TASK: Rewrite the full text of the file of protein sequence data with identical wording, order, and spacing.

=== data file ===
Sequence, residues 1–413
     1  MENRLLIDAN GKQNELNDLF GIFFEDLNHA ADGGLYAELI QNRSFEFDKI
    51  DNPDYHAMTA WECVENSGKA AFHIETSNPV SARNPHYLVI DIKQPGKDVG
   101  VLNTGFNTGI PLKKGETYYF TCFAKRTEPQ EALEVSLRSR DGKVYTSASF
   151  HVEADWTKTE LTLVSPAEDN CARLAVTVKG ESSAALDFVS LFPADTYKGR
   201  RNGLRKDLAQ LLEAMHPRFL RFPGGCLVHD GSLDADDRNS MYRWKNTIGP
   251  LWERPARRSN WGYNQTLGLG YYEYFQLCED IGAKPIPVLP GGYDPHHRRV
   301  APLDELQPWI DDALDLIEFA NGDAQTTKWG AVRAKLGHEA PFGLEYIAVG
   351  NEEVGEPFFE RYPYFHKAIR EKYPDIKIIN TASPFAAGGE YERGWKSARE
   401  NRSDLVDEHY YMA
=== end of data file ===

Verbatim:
Sequence, residues 1–413
     1  MENRLLIDAN GKQNELNDLF GIFFEDLNHA ADGGLYAELI QNRSFEFDKI
    51  DNPDYHAMTA WECVENSGKA AFHIETSNPV SARNPHYLVI DIKQPGKDVG
   101  VLNTGFNTGI PLKKGETYYF TCFAKRTEPQ EALEVSLRSR DGKVYTSASF
   151  HVEADWTKTE LTLVSPAEDN CARLAVTVKG ESSAALDFVS LFPADTYKGR
   201  RNGLRKDLAQ LLEAMHPRFL RFPGGCLVHD GSLDADDRNS MYRWKNTIGP
   251  LWERPARRSN WGYNQTLGLG YYEYFQLCED IGAKPIPVLP GGYDPHHRRV
   301  APLDELQPWI DDALDLIEFA NGDAQTTKWG AVRAKLGHEA PFGLEYIAVG
   351  NEEVGEPFFE RYPYFHKAIR EKYPDIKIIN TASPFAAGGE YERGWKSARE
   401  NRSDLVDEHY YMA